Disruptive Innovation Is The Key

by Sunil Kumar    May 26, 2006

Considering present-day challenges, mass customization and large scale commoditization happening in the IT space in India and worldwide, a need was increasingly felt to sharpen the corporate imagination and stress on a comprehensive approach for issues pertinent to the banking arena. For this and more, the BankTech Congress, an annual event for enterprise CXOs started yesterday in Mumbai.

Anuj Bhargava, CIO, HSBC started the event by stating that compliance was one of the most important issues facing the banking fraternity in the current scenario.

Increasing demand polarized the way banking was evolving. The interrelation of IT with banking required CIOs to think and leverage on IT to attain a sustainable competitive advantage. Here, disruptive innovation was what CIOs needed to chart a roadmap for the future.

To ensure that IT was not very expensive, there was an increasing need for customer-centricity and internal efficiencies in the enterprise. Challenges faced by retail banking CIOs included increasing automation and a comprehensive need analysis.

A senior management dashboard needs to have reviews of overall bank/ branch performance and considering legacy systems still in place, IT and business has to be perfectly aligned. A cost-value proposition ensures that IT and business needs to be in sync. Performance validation also has to take into account organization-wide issues, the interaction of disparate systems and also consider performance bottlenecks overall.

CIOs need to consider channelising investments. Business requirements need to be in sync with testing, validation and implementation support for people in a typical enterprise.

Touching on BASEL-II norms and the impact they would have on the compliance, R Bhaskaran, CEO, Indian Institute of Banking & Finance talked on the evolution of risk management systems and its future.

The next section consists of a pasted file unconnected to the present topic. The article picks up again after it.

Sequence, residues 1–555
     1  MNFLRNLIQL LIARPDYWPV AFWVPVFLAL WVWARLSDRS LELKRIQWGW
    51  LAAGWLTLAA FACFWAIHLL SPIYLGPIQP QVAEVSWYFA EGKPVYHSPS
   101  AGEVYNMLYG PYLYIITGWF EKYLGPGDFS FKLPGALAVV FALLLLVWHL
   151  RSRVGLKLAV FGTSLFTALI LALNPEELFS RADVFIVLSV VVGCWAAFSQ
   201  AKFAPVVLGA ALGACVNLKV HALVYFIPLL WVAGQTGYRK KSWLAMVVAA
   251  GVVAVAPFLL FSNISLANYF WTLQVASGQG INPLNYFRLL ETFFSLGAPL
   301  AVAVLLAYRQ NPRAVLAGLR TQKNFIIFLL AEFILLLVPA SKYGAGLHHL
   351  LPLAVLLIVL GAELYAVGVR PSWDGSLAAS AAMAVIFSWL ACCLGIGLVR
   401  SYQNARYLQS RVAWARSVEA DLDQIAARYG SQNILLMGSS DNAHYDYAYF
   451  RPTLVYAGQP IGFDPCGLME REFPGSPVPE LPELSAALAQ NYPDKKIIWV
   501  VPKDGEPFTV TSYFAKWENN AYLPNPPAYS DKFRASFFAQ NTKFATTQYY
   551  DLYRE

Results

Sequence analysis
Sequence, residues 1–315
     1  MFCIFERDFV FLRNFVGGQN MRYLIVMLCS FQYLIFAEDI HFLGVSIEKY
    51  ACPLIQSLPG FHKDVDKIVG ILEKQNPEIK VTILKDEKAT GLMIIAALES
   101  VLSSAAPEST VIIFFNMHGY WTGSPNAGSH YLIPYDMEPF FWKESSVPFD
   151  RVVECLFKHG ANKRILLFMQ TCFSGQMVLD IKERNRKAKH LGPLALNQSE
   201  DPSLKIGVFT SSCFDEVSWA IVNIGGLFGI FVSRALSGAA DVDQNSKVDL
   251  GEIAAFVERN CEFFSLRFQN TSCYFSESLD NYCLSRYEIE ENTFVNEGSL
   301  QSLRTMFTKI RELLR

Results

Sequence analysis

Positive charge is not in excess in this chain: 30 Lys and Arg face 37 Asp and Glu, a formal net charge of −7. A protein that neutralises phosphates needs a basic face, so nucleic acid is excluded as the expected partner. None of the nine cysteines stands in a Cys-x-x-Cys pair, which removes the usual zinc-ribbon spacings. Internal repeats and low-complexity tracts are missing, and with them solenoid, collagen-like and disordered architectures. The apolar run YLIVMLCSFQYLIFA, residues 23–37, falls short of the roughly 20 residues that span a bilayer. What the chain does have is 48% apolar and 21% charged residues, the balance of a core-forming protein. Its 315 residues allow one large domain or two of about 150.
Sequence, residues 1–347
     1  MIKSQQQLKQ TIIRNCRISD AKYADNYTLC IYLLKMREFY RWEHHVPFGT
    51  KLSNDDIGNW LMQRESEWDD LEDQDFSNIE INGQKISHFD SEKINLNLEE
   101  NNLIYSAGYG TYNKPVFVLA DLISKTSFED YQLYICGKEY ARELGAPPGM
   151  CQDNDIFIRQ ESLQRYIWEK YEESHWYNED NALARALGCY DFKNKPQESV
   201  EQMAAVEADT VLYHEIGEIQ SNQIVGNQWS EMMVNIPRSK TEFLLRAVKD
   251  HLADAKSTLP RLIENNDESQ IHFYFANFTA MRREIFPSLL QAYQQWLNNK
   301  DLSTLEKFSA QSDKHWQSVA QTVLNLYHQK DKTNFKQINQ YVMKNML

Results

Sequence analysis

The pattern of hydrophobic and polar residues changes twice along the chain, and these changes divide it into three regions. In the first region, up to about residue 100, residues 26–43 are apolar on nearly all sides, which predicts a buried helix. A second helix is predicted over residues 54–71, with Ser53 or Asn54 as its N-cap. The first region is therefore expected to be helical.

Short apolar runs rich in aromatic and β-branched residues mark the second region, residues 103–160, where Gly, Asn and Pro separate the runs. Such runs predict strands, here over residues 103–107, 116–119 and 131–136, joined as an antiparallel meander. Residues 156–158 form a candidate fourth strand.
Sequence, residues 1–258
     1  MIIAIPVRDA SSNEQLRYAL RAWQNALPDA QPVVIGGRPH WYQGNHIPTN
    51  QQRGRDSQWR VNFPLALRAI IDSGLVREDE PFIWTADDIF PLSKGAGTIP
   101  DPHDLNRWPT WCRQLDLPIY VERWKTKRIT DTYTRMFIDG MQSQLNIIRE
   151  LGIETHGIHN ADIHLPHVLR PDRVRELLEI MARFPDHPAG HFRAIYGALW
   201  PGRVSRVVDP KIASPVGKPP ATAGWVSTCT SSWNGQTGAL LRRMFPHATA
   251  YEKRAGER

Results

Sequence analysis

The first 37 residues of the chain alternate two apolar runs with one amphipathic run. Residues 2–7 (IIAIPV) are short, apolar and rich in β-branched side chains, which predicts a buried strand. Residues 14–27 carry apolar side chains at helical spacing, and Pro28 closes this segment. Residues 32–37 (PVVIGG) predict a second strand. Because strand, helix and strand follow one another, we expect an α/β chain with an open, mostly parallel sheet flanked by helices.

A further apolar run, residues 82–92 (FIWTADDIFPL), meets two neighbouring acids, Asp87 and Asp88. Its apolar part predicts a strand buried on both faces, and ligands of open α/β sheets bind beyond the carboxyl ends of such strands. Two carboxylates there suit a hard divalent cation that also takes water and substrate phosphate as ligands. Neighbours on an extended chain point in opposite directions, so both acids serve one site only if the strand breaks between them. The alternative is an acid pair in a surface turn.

All commercial banks stipulated by the RBI should have cumulative provisioning and consider prevailing infrastructure issues, as 60% of data would eventually become inactive. Other issues included scaling of infrastructure in the financial arena and the necessity of a backup/ DR system in place.

Nigel Stewart, Head of Risk Management, McAfee, APAC stressed that for an enterprise-wide risk management framework, credit and operational risk had to be managed well. There was also a necessity to evolve a comprehensive risk- response system and effectively categorizing credit and operational risks.

Dhruv Singhal, Head - professional services, BEA India, discussed the importance of operational risk. Considering BASEL-II, its relevance and the way operational risk was evolving, management and CXOs across the spectrum needed an effective benchmark for measurement of key risk indicators. Going ahead maximizing business value in the current landscape would mean appointment of a chief risk officer. Large spends in the financial services arena would be gearing up to meet BASEL-II compliance mandates, anti-money laundering challenge and a siloed, focused approach towards making companies increasingly compliant in the future.

The BFSI space also had to contend with issues such as data quality and bringing India up-to-scratch in the BASEL-II compliance arena, concluded Singhal.